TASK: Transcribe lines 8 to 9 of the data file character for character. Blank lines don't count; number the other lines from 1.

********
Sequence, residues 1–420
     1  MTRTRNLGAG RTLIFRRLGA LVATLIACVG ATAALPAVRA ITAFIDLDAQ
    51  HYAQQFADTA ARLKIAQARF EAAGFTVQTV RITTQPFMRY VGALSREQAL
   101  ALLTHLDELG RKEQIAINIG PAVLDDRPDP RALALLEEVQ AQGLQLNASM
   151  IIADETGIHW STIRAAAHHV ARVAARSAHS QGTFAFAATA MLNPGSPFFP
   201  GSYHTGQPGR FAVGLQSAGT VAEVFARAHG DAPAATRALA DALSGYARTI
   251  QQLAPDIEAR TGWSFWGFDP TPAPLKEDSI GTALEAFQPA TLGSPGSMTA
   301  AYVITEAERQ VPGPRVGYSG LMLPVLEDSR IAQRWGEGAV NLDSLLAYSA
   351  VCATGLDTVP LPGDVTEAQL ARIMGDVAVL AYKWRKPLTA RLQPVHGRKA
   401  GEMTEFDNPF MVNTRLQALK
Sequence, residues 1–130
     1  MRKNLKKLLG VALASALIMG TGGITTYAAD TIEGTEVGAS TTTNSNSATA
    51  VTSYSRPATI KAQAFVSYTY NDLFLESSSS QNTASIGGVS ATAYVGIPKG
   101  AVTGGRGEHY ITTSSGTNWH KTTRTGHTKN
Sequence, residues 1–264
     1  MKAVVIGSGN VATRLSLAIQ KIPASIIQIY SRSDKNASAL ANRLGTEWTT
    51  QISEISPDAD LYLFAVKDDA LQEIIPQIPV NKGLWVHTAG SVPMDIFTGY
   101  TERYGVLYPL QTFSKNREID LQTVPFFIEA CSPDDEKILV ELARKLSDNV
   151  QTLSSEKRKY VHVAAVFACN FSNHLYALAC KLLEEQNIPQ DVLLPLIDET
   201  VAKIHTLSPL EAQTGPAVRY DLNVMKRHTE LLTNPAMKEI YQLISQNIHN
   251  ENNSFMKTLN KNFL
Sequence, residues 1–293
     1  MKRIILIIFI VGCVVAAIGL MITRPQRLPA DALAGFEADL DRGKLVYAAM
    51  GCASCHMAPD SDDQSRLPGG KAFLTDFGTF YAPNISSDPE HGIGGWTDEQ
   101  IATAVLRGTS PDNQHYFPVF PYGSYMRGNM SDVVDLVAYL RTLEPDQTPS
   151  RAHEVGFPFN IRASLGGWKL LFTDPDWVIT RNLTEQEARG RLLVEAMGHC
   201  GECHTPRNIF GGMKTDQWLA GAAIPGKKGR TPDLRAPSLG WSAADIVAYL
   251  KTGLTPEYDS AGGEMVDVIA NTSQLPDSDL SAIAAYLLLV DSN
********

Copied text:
   301  AYVITEAERQ VPGPRVGYSG LMLPVLEDSR IAQRWGEGAV NLDSLLAYSA
   351  VCATGLDTVP LPGDVTEAQL ARIMGDVAVL AYKWRKPLTA RLQPVHGRKA